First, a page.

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St. Maarten Medical Center
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Dr. Alfredo Callo1316
Dr. Dorette Courtar1316
Ms. Regina Janga1301
Gestational hypertension, also referred to sometimes as pregnancy induced hypertension (PIH) is a condition of high blood pressure during pregnancy. Gestational hypertension can lead to a serious condition called preeclampsia (also referred to as toxemia). Hypertension during pregnancy aﬀects about 6-8% of all pregnant women.
High blood pressure can present itself in a few diﬀerent ways during pregnancy. The following are the 3 common types of gestational hypertension:
Chronic Hypertension- Women who have high blood pressure (over 140/90) before pregnancy, early in pregnancy (before 20 weeks), or carry it on after delivery.
Gestational Hypertension- High blood pressure that develops after week 20 in pregnancy and goes away after delivery.
Preeclampsia- Both chronic hypertension and gestational hypertension can lead to this severe condition after week 20 of pregnancy. Symptoms include high blood pressure and protein in the urine and can lead to serious complications for mom and baby if not treated quickly.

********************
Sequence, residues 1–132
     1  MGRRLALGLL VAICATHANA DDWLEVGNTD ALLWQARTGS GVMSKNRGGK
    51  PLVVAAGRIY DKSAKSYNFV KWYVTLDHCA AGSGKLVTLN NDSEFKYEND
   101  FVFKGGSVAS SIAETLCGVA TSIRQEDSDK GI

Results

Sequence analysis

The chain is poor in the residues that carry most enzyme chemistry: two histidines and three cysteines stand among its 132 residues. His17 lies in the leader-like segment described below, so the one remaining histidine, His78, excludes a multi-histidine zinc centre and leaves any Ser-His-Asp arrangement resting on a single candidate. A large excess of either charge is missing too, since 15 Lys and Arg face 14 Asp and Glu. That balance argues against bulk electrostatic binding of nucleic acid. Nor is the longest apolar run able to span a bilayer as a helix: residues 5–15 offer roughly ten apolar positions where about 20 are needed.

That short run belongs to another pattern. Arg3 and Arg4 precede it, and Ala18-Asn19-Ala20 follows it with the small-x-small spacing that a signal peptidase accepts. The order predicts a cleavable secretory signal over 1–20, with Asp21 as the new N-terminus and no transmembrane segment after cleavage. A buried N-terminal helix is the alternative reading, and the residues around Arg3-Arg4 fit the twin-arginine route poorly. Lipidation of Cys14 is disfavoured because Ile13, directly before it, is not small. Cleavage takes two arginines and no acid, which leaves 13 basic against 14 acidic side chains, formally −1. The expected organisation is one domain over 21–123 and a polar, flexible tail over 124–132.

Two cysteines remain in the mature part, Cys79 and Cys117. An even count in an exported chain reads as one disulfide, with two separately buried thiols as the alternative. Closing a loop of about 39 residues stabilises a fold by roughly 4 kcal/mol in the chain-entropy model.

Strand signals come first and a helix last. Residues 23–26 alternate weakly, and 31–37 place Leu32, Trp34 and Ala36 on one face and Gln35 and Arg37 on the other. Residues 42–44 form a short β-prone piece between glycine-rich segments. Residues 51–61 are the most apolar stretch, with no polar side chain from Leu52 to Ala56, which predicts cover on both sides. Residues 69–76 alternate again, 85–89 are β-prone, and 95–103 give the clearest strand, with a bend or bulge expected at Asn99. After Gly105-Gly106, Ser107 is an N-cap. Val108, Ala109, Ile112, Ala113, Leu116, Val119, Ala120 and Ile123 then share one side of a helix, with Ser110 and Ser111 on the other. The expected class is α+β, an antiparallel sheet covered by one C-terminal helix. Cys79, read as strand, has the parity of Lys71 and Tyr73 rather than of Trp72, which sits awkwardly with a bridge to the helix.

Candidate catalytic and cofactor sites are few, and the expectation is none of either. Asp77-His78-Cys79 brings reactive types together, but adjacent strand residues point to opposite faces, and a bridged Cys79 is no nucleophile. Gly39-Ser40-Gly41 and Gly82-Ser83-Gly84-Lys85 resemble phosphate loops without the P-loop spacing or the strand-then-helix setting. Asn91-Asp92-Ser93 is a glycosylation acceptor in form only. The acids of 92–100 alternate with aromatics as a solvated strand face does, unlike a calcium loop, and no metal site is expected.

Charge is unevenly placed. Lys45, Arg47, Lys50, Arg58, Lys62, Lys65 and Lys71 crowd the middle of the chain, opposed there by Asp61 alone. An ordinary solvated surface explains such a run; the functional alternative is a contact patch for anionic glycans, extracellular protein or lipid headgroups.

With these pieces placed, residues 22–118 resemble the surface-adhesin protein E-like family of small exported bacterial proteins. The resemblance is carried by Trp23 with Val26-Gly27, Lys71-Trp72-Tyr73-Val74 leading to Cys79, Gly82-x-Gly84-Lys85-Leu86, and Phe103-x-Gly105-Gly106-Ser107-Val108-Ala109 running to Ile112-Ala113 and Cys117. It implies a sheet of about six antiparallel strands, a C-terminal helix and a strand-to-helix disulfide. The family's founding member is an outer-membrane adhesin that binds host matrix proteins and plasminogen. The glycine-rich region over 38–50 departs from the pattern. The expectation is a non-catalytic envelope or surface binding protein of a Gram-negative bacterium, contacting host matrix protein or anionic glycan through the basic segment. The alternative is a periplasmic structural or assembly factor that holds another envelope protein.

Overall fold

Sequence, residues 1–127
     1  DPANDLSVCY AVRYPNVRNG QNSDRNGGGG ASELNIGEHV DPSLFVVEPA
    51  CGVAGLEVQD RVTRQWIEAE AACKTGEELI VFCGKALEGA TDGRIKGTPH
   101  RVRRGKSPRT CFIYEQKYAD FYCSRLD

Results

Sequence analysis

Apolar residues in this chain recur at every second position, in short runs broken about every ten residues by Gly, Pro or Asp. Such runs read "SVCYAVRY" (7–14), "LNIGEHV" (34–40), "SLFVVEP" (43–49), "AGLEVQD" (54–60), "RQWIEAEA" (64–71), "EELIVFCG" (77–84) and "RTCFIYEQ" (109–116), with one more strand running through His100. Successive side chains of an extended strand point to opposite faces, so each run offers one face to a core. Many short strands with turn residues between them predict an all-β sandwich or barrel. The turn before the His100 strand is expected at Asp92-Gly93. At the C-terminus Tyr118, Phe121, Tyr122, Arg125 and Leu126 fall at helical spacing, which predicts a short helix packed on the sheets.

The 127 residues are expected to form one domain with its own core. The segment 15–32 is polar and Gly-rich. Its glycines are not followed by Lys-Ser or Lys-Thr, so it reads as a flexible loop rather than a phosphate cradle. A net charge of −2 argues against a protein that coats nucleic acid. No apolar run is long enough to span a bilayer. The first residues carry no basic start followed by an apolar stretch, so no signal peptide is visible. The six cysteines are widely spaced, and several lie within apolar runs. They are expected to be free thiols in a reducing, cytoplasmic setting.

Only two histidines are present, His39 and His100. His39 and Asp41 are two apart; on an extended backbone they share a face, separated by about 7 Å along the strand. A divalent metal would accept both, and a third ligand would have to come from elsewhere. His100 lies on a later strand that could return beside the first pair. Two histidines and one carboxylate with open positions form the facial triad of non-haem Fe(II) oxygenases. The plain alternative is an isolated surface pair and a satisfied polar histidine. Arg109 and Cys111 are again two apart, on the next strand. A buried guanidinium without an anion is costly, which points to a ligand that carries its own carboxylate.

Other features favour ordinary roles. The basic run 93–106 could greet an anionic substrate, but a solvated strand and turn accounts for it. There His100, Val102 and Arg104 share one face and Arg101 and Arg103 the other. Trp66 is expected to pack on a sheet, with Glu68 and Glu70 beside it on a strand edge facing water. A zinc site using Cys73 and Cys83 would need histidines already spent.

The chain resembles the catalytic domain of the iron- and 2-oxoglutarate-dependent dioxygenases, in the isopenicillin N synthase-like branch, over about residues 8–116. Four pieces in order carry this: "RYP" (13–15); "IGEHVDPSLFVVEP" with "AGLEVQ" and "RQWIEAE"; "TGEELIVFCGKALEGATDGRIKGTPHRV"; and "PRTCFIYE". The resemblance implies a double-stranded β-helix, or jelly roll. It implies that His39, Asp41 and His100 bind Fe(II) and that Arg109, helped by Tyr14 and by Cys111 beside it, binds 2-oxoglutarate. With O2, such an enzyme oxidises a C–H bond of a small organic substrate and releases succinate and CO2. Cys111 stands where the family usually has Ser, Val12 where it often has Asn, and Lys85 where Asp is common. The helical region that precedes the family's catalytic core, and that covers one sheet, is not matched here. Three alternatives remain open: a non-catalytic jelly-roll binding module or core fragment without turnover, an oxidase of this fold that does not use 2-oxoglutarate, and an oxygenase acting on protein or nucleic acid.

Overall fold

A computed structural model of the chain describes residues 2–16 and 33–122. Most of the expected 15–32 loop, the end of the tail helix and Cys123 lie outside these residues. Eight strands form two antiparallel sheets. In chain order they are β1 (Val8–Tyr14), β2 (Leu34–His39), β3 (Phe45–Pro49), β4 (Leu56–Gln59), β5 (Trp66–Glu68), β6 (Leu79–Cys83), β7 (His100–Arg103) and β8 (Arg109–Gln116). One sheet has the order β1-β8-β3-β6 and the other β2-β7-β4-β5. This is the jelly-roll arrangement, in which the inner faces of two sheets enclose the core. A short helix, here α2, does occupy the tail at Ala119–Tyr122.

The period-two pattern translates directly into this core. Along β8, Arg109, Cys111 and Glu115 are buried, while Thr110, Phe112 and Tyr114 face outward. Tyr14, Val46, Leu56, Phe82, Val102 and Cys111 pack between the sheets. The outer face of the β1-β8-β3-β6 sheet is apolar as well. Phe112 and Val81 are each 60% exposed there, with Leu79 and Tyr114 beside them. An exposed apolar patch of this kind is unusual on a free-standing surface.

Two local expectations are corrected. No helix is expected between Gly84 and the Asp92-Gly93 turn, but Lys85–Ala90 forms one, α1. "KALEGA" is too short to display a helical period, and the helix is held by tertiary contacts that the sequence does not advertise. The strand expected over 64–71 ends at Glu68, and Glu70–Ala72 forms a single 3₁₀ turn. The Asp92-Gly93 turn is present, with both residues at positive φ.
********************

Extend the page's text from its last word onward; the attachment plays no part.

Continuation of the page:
The following factors may increase the risk of developing gestational hypertension:
At each prenatal checkup your healthcare provider will check your blood pressure, urine levels, and may order blood tests which may show if you have hypertension. Your physician may also perform other tests that include:
Treatment depends on how close you are to your due date. If you are close to your due date, and the baby is developed enough, your health care provider may want to deliver your baby as soon as possible.
If you have mild hypertension and your baby has not reached full development, your doctor will probably recommend you do the following:
If you have severe hypertension, your doctor may try to treat you with blood pressure medication until you are far enough along to deliver safely.
Hypertension can prevent the placenta from getting enough blood. If the placenta doesn’t get enough blood, your baby gets less oxygen and food. This can result in low birth weight.
Often, one still can deliver a healthy baby if hypertension is detected early and treated with regular prenatal care.
Severe hypertension can lead to preeclampsia which can have much more serious aﬀects on mom and baby.
Currently, there is no sure way to prevent hypertension. Some contributing factors to high blood pressure can be controlled and some cannot. Follow your doctor’s instruction about diet and exercise.
Your doctor may suggest you take prescribed medicine and additional supplements.